This course is designed to introduce students to the concepts of computer programming using the C# programming language. The student will write programs to implement a variety of typical applications. There will be an emphasis on structured programming techniques, writing readable code and developing user-friendly programs. Concepts introduced will include: data types, constants and variables, flow of control, decisions and loops, forms and simple C# controls as elements of the user interface, arrays, scope of variables, functions, string manipulation, rudimentary file operations, and error handling.
Upon completion of the course, students will be able to:
1. Use appropriate logic design tools to develop program logic prior to writing programs.
2. Demonstrate competency in using micro computers and proper editing techniques when writing computer programs.
3. Demonstrate ability to design screen forms and program output.
4. Write, test and debug simple to reasonably complex computer programs in C#, using structured programming techniques to solve a variety of typical problems.
5. Produce complete documentation for any given program.
a. Review of basic computer skills and the Windows graphical user interface
b. The C# programming environment
c. Elements of the user interface; forms and simple C# controls and their properties and methods (controls including command buttons, labels, and text boxes)
d. Editing techniques, program format, and documentation
2. Language rules and structure
a. Obtaining user input (working with additional controls including message and input boxes, check boxes, option buttons, common dialog controls, and menus)
b. Data types: use of constants and variables; calculations and built-in functions
c. Simple data validation and error handling
d. String manipulation and formatting data for output
e. Syntax and logic errors; introduction to using debugging tools
3. Flow of control and programming logic design
a. Decision structures and logical comparisons
b. Loop structures
4. Program decompositions and structured programming techniques
a. Modules, subprograms, and subfunctions
b. Working with multiple forms and standard code modules
c. Scope of variables and constants
d. Arguments and parameter passing
5. Lists and Arrays
a. Introduction to the concepts of lists and simple arrays and their uses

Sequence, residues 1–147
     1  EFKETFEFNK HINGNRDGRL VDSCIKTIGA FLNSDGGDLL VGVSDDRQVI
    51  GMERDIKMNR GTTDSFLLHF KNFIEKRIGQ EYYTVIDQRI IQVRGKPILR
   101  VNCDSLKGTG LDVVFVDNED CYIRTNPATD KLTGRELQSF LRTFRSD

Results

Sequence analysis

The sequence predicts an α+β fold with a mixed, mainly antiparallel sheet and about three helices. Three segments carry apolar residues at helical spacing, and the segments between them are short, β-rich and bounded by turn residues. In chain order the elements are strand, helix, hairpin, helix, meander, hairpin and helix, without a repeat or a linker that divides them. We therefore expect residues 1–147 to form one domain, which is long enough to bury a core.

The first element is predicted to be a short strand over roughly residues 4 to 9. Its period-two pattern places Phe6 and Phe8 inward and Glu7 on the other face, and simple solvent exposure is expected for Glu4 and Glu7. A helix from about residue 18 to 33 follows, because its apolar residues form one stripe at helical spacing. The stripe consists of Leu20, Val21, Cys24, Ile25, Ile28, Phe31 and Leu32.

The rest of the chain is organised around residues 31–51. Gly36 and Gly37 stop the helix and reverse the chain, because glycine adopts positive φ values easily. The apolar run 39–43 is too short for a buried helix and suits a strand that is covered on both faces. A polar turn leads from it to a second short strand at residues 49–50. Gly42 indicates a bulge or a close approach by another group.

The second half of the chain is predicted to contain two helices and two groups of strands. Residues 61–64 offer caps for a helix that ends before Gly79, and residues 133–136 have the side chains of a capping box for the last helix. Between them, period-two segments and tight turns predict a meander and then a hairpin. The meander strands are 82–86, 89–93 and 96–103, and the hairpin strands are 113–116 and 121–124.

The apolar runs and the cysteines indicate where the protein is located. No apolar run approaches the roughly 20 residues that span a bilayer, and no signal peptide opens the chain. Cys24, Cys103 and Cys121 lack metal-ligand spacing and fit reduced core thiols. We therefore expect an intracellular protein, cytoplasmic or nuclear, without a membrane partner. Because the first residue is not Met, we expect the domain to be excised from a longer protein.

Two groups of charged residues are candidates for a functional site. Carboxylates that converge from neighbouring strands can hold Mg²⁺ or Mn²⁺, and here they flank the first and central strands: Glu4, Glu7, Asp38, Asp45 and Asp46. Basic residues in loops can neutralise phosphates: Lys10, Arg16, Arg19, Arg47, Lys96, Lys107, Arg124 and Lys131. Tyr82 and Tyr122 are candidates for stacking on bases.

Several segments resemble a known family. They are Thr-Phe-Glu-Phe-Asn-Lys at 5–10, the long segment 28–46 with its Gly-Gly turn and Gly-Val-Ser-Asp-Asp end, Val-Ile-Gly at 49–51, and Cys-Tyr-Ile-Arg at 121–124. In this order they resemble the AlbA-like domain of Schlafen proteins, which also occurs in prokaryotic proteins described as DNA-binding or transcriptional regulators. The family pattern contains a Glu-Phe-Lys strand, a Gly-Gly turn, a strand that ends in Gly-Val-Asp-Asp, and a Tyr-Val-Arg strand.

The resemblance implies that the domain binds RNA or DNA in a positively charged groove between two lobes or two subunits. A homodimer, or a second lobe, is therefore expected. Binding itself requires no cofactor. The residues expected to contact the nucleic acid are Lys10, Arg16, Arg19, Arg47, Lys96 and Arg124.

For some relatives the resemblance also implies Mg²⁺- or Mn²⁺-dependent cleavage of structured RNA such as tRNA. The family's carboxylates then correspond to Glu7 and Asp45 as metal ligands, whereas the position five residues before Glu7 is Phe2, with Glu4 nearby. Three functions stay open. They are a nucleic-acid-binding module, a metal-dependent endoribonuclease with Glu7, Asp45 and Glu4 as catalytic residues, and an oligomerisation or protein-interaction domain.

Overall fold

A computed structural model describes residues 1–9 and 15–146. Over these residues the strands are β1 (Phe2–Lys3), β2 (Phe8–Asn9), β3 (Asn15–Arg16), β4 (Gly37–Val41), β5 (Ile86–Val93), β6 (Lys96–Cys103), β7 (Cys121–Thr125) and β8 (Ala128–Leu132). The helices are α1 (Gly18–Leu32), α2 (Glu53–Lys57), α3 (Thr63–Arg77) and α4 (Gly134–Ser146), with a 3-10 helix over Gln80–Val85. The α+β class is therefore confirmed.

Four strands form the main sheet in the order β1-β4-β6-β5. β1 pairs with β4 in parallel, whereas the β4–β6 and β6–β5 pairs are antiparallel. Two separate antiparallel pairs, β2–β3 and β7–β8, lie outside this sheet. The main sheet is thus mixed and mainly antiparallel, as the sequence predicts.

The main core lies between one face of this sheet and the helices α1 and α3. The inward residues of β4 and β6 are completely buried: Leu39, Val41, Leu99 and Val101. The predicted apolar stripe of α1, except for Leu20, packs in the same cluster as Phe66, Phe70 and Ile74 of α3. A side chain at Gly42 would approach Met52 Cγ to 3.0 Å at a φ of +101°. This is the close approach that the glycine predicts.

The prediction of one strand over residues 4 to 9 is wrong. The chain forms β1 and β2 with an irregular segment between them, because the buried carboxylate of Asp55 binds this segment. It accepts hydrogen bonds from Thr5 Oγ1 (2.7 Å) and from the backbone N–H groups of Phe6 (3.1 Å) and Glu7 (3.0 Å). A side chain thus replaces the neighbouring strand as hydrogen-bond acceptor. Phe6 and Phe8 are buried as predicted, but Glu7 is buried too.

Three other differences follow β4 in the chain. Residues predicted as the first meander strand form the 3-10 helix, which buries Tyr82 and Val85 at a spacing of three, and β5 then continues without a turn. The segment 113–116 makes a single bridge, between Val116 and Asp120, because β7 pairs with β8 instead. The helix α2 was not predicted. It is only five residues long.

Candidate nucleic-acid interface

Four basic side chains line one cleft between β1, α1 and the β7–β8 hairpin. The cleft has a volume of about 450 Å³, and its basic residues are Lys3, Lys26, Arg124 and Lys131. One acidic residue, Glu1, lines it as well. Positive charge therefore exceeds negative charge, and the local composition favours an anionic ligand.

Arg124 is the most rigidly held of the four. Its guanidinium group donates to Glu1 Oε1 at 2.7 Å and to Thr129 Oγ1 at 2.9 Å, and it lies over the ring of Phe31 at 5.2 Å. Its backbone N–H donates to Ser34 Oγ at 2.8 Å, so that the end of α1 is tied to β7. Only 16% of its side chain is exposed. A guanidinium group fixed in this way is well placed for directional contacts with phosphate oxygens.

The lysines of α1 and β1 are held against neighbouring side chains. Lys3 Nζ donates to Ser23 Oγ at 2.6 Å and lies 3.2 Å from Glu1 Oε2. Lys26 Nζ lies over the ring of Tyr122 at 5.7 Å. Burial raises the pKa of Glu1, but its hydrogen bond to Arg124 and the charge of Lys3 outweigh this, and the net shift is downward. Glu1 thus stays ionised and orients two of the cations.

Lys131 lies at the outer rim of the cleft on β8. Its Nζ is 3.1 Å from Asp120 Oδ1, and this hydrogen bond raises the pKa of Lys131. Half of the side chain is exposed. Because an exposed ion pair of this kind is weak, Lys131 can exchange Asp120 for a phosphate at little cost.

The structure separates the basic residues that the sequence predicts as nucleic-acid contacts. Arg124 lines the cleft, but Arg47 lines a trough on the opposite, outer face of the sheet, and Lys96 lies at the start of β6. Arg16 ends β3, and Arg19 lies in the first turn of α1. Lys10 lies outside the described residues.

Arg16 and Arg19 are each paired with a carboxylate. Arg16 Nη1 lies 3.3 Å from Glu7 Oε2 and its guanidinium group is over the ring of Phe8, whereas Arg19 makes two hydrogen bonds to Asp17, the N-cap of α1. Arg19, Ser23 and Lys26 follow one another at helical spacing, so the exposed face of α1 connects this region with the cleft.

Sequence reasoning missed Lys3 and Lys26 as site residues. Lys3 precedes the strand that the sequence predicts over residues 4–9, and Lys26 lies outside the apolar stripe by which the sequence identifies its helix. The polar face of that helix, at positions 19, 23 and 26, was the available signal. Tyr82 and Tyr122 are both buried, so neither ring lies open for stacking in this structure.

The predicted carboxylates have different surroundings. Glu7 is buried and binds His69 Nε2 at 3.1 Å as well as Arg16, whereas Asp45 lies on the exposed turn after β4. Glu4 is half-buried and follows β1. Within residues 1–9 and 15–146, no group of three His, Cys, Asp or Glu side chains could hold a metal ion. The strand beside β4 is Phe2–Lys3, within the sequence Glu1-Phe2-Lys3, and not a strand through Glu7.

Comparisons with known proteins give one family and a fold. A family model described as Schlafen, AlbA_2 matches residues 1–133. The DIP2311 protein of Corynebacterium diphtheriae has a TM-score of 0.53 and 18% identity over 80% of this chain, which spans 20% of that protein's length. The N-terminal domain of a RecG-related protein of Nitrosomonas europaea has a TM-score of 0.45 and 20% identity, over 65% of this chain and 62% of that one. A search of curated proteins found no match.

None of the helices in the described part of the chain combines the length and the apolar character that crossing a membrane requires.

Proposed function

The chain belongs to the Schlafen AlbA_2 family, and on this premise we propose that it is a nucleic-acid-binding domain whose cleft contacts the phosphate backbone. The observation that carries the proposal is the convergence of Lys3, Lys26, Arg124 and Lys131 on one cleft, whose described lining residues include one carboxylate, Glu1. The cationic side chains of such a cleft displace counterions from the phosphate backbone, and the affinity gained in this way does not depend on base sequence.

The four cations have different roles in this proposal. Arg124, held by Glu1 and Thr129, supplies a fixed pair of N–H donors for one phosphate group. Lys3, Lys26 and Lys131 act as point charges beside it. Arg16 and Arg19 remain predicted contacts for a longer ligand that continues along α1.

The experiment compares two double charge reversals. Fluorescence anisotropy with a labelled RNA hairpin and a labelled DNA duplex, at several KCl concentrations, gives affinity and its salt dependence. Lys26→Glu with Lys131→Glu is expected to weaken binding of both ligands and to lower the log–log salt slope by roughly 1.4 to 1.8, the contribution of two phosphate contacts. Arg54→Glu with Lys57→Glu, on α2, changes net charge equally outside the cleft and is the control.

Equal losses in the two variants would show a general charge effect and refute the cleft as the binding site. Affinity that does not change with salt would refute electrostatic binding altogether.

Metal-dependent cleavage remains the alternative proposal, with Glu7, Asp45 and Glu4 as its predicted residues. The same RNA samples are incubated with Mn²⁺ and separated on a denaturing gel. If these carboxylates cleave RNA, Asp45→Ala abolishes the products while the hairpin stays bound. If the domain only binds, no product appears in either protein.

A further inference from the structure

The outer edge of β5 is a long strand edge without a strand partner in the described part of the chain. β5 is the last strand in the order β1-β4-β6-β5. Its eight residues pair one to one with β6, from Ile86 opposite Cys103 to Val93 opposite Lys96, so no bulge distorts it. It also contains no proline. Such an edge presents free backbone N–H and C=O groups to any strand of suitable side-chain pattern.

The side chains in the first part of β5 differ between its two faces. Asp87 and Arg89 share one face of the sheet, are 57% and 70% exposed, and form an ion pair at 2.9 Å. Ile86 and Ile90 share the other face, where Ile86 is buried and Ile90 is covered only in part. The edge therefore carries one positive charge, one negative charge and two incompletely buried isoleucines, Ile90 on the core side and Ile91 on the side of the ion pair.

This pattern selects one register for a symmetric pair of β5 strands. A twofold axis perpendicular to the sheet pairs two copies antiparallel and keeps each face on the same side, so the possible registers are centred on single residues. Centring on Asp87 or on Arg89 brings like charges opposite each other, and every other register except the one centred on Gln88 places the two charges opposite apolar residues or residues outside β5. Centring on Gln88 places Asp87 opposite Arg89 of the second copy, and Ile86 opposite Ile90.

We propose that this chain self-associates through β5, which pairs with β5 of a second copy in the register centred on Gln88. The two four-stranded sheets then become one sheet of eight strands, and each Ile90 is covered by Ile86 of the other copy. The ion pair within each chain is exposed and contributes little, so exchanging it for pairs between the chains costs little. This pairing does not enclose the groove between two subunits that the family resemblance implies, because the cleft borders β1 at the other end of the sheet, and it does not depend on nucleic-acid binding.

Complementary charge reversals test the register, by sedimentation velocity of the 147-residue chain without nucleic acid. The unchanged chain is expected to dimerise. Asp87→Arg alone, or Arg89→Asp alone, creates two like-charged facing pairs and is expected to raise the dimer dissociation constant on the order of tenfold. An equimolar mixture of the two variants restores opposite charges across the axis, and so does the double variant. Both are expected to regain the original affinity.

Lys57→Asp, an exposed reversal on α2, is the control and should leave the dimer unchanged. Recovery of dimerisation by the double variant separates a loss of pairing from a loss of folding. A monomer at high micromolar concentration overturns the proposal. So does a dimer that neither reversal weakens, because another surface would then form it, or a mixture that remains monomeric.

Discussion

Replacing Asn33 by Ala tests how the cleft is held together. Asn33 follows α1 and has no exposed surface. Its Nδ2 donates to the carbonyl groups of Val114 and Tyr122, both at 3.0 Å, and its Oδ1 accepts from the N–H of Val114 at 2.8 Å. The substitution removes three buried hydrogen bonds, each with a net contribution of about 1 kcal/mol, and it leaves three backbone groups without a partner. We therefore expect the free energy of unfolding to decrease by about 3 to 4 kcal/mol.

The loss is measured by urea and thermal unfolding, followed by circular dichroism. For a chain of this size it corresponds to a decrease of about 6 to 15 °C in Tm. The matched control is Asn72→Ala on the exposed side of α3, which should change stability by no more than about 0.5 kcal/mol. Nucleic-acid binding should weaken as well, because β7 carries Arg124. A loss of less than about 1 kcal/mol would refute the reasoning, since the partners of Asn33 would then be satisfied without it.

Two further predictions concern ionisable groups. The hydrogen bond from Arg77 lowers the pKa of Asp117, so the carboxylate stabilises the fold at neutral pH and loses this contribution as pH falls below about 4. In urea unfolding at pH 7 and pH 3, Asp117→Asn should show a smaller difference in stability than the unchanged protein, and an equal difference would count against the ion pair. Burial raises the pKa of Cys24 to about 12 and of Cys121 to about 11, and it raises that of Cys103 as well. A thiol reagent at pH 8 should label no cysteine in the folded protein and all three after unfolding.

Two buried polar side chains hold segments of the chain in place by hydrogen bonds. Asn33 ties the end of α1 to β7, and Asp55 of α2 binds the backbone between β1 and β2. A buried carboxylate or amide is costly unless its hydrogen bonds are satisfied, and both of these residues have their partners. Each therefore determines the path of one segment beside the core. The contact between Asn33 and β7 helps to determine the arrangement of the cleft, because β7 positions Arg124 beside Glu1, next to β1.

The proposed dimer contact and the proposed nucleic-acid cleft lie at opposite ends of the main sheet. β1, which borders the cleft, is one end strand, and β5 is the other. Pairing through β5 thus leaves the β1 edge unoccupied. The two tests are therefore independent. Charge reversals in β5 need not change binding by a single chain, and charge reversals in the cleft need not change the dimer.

b. Working with list and combo boxes
6. Introduction to disk file processing
a. Elementary storage concepts
b. Rudimentary file operations using sequential access disk files
7. Introduction to graphics with simple images
1. Read 30-50 pages from the textbook each week.
2. Write computer programs using the C# programming language.
3. Test, detect and fix errors in computer programs.
4. Formulate accurate and descriptive program documentation.
5. Complete a team programming project.
6. Take objective examinations.
|Writing: Assessment tools that demonstrate writing skill and/or require students to select, organize and explain ideas in writing.||Writing
10 - 20%
|Written program documentation||
|Problem solving: Assessment tools, other than exams, that demonstrate competence in computational or non-computational problem solving skills.||Problem Solving
30 - 60%
|Homework problems, programming assignments||
|Skill Demonstrations: All skill-based and physical demonstrations used for assessment purposes including skill performance exams.||Skill Demonstrations
0 - 0%
|Exams: All forms of formal testing, other than skill performance exams.||Exams
20 - 30%
|Multiple choice, true/false, matching items, completion, design and code programming exercises.||
|Other: Includes any assessment tools that do not logically fit into the above categories.||Other Category
10 - 20%
|Team programming project||
Simply C#: An Application-Driven Tutorial Approach, (1st Edition) by Deital, Deitel, Hoey & Yaeger - Prentice Hall, 2004